By World Bulletin
Sunday, May 23, 2010
Three ships carrying Turkish activists have set off from Turkey to Gaza
on Saturday, the biggest effort by international aid groups to break
the Israeli siege on the Gaza Strip.
The biggest of the nine
ships from Istanbul is heading to the south western city of Antalya
where two other Turkish ships will be waiting to join the convoy.
The seaport was overwhelmed by thousands of well-wishers, who had come to show their support for the people of Gaza.
The three ships will then travel to the waters off Athens and Crete to
rendezvous with the other six, before making the four-day journey to
The second ship to join the Freedom Flotilla en route to
Gaza left Istanbul Saturday afternoon, joining eight other boats from
three countries carrying 10,000 tons of aid for Gaza's residents,
supplies embargoed by Israel.
A statement issued by the
Freedom Flotilla's organizers said the latest ship is sponsored by the
Turkish humanitarian organization or IHH and will carry 600 passengers
to Gaza as part of the "blockade busting" flotilla.
Boats will meet in the Mediterranean, then turn toward Gaza to arrive at its beseiged slice of beachfront by the end of May.
Free Gaza Movement’s MV Rachel Corrie is already en route from Ireland
and is presently off the coast of Portugal loaded with cement, paper
and supplies for school children and medical equipment, the statement
said. Rachel Corrie was a US peace activist who was killed by an
Israeli army bulldozer in Gaza in 2003.
The convoy is from the UK, Ireland, Algeria, Kuwait, Greece and Turkey,
and is comprised of people from 50 nationalities. It is made up of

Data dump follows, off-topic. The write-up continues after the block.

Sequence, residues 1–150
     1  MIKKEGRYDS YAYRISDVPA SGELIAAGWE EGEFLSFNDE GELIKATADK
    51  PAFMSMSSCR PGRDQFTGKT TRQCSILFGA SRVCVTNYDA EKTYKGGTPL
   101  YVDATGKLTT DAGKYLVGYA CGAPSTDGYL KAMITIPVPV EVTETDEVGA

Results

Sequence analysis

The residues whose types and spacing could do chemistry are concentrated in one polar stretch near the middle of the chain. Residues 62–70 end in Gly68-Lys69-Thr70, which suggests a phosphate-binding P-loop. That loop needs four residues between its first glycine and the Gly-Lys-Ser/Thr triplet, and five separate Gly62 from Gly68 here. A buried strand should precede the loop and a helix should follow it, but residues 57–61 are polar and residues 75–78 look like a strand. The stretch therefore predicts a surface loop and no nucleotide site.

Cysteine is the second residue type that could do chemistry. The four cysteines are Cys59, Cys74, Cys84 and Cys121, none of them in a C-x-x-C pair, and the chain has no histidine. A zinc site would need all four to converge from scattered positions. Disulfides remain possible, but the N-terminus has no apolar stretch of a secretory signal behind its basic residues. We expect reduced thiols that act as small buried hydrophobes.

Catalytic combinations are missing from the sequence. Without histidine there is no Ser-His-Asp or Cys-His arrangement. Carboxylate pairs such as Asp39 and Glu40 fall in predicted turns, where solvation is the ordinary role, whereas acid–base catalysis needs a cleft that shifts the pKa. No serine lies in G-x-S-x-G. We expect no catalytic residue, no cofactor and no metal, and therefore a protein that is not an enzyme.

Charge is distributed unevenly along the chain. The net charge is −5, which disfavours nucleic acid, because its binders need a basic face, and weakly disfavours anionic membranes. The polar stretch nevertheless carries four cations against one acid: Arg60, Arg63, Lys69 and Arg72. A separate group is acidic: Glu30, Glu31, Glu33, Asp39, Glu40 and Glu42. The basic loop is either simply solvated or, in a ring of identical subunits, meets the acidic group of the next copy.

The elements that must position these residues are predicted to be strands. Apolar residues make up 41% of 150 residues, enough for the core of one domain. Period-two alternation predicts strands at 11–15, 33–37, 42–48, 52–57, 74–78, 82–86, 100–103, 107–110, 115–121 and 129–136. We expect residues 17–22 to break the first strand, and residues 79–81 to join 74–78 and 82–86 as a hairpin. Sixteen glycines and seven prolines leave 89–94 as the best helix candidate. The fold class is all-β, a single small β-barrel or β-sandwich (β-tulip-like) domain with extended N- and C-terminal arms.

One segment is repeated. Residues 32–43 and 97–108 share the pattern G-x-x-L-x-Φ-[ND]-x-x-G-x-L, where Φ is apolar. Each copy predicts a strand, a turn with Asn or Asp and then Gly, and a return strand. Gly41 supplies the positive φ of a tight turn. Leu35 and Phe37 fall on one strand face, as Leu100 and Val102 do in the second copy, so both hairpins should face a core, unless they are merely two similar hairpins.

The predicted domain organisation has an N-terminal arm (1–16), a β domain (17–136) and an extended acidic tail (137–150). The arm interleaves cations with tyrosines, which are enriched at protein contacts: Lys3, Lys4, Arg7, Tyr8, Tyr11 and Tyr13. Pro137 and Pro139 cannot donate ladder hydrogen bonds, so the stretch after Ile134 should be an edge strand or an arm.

three cargo ships and five passengers boats.
But, news reports from Israel indicated that Tel Aviv will attempt to
prevent the ships from reaching the blockaded coastal enclave.
A statement from Israel's foreign ministry said it had "no intention of
allowing the flotilla into Gaza" but has not elaborated on what
measures could be used to stop them.
Representatives from six
organisations, including the European Campaign to End the Siege in Gaza
(EGESG), said they were determined to enter the area regardless of
pressure from Israel.
"Israel should not be under any illusion whatsoever that their threats
or intimidation will stop us or even that their violence against us
will stop us," Huwaida Arraf, from the Free Gaza Movement, said.
Kahel Mazen, from EGESG, added: "If they choose to resort to
destruction and death, our mission is to try to open a window of hope
for the people of Gaza."
Earlier this month, UN Relief and
Works Agency for Palestine Refugees director John Ging called upon the
international community to break the siege on the Gaza Strip by sending
ships loaded with aid.
"We believe that Israel will not intercept these vessels because the
sea is open and human rights organisations have been successful in
similar previous operations, proving that breaking the siege of Gaza is
possible," Mr Ging declared.
Gaza is still considered under Israeli occupation as Israel controls air, sea and land access to the Strip.
The Rafah crossing with Egypt, Gaza's sole border crossing that
bypasses Israel, rarely opens as Egypt is under immense US and Israeli
pressure to keep the crossing shut.
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